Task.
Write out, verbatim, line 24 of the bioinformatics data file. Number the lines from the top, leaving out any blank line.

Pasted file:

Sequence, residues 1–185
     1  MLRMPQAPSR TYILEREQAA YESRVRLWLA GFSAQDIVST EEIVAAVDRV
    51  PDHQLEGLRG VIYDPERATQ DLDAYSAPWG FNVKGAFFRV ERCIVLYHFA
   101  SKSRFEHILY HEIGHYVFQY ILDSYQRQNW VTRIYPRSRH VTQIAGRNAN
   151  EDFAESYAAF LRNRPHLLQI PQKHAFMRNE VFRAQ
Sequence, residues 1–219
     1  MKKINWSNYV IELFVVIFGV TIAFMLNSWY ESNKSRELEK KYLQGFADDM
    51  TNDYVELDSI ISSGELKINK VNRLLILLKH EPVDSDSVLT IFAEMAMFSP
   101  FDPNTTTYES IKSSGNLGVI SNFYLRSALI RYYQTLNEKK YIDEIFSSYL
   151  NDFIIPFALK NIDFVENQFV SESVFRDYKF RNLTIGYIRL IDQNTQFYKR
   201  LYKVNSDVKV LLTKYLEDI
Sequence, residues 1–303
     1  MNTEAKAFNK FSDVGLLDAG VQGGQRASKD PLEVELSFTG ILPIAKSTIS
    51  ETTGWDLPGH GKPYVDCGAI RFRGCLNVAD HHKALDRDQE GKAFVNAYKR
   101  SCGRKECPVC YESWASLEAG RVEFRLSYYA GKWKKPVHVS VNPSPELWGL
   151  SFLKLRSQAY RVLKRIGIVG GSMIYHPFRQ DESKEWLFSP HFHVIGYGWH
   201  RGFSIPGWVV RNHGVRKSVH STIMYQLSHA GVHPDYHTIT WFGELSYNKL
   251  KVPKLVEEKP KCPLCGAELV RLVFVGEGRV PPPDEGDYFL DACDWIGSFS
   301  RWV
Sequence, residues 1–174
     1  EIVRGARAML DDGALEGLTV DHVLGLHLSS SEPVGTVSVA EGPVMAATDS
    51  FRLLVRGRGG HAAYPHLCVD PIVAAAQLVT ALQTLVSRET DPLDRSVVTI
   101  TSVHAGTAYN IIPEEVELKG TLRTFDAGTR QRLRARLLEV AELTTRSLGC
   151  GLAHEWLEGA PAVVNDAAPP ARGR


   151  GLAHEWLEGA PAVVNDAAPP ARGR